I’ve come to find similarities between poker, the ultimate skill-game, and advertising, the ultimate gamble. The easy correlation? everyone thinks they can do it. If you haven’t heard this common adage, I find it all too true, “Every business owner claims two skill sets, the skill that started their business … and marketing.” As you might expect, that often leads to poorly formed communication.
On the poker side, the internet poker boom of the mid 2000’s more than proved that millions of home poker players thought they had the right stuff to make some real scratch at a card table. In 2006, the World Series of Poker main event hosted 8,773 entrants. But it doesn’t take much digging before you realize that these two professions (advertising and poker) are more difficult than they appear at first glance. 90%+ of online poker players lose money. And 96% of businesses fail within 10 years.
My point is, this crap ain’t easy.
If you take a step deeper, you will find some serious commonalities between the average marketer and the typical “home game” poker player.
They make the obvious plays… They are impatient… They make quick, rash decisions… When faced with a tough choice, they take the safe out… And most often, they get stuck focusing on one thing (the wrong thing).
Essentially, these two groups are inexperienced and unprepared.
But it’s not all bad news here. Successful poker players, like the best advertisers, have a system. A system based on the understanding that this crap ain’t easy. In advertising, that typically manifests itself in the form of a strong team. A team that understands the challenges at hand and is prepared to create a way forward.
To me, 4 things stand out. 4 characteristics of advertising that make me feel like I am sitting at a poker table of life.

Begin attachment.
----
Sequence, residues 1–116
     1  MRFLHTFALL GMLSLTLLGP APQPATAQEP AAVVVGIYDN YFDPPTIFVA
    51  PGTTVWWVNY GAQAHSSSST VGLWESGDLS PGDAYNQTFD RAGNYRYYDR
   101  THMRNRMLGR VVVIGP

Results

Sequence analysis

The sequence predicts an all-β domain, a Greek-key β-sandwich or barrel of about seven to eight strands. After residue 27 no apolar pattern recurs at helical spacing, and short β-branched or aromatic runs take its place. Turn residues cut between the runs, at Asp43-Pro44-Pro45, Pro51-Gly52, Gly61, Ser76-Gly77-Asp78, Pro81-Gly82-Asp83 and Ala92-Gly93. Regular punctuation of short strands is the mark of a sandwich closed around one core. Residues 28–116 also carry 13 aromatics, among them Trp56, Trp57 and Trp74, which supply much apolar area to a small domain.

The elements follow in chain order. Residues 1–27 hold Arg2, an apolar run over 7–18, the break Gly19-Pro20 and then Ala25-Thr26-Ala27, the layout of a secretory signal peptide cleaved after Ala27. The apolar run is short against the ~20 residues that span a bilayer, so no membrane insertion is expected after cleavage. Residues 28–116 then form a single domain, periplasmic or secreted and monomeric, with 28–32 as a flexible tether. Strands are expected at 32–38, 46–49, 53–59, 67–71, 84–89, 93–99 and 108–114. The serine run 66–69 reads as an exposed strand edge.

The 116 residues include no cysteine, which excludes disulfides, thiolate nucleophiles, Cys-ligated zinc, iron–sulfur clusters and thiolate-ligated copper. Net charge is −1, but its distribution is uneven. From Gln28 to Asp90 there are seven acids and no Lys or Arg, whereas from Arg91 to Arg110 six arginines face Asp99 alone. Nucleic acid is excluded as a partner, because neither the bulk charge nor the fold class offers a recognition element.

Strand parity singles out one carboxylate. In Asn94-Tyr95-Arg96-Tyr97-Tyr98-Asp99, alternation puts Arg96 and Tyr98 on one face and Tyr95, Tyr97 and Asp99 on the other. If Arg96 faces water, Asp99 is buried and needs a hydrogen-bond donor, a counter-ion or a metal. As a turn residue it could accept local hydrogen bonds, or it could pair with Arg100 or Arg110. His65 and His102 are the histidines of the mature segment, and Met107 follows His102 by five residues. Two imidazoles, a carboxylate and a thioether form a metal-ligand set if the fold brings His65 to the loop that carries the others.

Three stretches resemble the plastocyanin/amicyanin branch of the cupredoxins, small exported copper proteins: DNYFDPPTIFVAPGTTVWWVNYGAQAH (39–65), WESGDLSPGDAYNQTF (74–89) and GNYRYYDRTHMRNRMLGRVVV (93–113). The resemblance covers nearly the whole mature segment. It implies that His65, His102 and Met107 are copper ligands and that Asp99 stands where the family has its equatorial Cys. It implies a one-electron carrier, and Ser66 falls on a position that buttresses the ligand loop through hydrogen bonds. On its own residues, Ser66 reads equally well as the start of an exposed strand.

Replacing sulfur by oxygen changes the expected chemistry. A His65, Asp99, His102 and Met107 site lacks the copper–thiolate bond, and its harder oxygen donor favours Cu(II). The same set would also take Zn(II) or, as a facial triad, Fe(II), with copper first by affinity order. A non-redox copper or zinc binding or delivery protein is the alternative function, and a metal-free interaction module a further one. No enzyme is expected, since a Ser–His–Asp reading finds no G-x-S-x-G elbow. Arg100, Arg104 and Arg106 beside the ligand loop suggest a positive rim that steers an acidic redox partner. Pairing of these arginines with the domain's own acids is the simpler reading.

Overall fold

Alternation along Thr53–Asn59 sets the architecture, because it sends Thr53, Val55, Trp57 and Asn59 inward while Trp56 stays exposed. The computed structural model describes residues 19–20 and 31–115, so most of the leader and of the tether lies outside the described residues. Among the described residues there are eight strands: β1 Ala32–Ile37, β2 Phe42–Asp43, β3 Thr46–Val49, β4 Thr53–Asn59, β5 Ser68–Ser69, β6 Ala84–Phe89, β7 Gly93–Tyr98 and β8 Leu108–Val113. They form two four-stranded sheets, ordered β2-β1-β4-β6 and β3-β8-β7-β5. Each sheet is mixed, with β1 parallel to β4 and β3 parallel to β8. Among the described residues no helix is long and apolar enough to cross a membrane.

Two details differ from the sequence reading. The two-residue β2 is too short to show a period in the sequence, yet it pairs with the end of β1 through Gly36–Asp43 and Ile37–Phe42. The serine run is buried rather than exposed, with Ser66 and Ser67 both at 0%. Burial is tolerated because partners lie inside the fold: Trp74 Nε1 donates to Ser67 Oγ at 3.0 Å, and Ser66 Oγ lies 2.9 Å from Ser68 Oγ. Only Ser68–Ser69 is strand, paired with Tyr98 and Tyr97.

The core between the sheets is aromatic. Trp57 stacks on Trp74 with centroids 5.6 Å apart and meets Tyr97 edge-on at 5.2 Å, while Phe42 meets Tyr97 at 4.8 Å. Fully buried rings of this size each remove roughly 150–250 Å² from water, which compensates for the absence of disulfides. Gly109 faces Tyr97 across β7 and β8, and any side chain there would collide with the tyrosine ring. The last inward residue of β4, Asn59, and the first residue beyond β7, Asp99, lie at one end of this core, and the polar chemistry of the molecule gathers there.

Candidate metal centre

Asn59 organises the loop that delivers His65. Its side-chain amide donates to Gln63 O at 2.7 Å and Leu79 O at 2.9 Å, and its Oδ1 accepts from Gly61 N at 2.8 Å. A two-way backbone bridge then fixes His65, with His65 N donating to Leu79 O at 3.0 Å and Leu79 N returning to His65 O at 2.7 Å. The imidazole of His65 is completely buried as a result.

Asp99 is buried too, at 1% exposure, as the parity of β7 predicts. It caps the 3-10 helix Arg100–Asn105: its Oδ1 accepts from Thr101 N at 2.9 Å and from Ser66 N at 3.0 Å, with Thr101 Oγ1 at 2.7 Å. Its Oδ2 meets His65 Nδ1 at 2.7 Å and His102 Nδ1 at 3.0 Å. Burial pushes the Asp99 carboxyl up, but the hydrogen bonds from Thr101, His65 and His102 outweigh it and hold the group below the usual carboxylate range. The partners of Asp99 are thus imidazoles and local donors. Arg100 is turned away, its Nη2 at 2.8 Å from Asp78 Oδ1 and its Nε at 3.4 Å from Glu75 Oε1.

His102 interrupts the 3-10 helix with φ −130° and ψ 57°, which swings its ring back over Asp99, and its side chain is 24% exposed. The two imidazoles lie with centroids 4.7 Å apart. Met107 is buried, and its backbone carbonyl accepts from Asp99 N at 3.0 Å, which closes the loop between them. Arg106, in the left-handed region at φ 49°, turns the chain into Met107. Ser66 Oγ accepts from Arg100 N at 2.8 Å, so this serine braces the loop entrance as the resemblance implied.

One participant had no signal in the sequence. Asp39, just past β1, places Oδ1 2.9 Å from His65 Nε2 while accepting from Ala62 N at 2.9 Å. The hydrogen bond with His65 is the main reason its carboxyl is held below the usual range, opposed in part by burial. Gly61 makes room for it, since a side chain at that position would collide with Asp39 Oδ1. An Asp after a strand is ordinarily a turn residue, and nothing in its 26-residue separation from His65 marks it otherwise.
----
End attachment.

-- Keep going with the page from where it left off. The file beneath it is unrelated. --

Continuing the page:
1. Game of Grind
Advertising is NOT about quick wins. I repeat, advertising is NOT about quick wins. This has to the biggest misconception in advertising, just like it’s the biggest misconception in poker. Winning takes time. It takes a long series of good decisions, and the composure to mitigate losses when poor decisions are made. Unfortunately, the “gratification-now” mentality in our world makes it hard for advertisers to set expectations up-front, but it’s utterly important. Snapchat, Uber, Airbnb … these products are the exception, not the rule. In reality, you need to embrace the grind. The goal is building a long-term relationship with your audience. The overabundance of options in 2017 makes the grind more important than ever.
2. Advertising is half numbers, half art
Being good at both halves of advertising is difficult. I don’t mean being good at both building pivot tables and designing graphics. I mean being good at both understanding and communicating to your audience, and analyzing the available data to inform and improve those communications. Advertisers must find a way to tie those two halves together. Perhaps it means you need help from outside, or perhaps it means evolving the way your internal team uses insights to inform creative decisions. Either way, invest in uniting those halves. It will pay off in the end.
3. Come with a plan, or get the hell out
This seems fairly self-explanatory, yet over 50% of advertisers enter the game looking like a dude wearing a Hawaiian shirt in Vegas. Prepare to get eaten alive. The worst part is, you won’t realize you’re losing … until it’s too late. So if you don’t have a thoroughly conceived plan of attack with your upcoming advertising campaign, don’t sit down at the table. Find someone to help you build a plan. A smart plan.
4. “Get your money in good”
A common phrase used in the poker world is, “tight but aggressive.” Made famous by Matt Damon in the movie Rounders (watch it). The base idea is pretty simple, if your hand is good enough to call, it’s good enough to raise. Be aggressive, set the tone, set the expectation up front, and ‘get your money in good.’ This mindset carries over nicely to the advertising world. Building rapport with your audience is not about throwing money to the wind in every direction. It’s about strategically deciding when and where to strike, then aggressively making your play. In practice, this could mean investing heavily in 1 or 2 channels, rather than spreading yourself thin across 5 or 6 channels. At the poker table, sloppy players are referred to as ‘donkeys’ … Don’t be an advertising donkey.
Find help … it will pay off long-term
In the end, winners are made from preparation and intelligent decision making over an extended period of time. It’s not easy. It’s not luck. Everyone cannot do it. Invest in thoughtful planning and a team that can build your business into a long-term winner.
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